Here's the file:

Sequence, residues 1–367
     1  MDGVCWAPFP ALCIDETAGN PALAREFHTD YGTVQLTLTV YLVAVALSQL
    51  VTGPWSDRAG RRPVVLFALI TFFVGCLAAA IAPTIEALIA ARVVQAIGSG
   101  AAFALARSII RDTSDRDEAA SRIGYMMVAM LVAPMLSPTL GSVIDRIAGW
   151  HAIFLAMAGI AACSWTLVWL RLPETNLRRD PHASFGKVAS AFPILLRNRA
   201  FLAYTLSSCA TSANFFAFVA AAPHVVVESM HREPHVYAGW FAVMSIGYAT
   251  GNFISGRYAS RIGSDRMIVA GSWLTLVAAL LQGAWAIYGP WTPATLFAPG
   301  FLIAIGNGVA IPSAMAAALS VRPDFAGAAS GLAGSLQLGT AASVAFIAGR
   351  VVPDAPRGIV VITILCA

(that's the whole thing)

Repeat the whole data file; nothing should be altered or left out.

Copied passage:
Sequence, residues 1–367
     1  MDGVCWAPFP ALCIDETAGN PALAREFHTD YGTVQLTLTV YLVAVALSQL
    51  VTGPWSDRAG RRPVVLFALI TFFVGCLAAA IAPTIEALIA ARVVQAIGSG
   101  AAFALARSII RDTSDRDEAA SRIGYMMVAM LVAPMLSPTL GSVIDRIAGW
   151  HAIFLAMAGI AACSWTLVWL RLPETNLRRD PHASFGKVAS AFPILLRNRA
   201  FLAYTLSSCA TSANFFAFVA AAPHVVVESM HREPHVYAGW FAVMSIGYAT
   251  GNFISGRYAS RIGSDRMIVA GSWLTLVAAL LQGAWAIYGP WTPATLFAPG
   301  FLIAIGNGVA IPSAMAAALS VRPDFAGAAS GLAGSLQLGT AASVAFIAGR
   351  VVPDAPRGIV VITILCA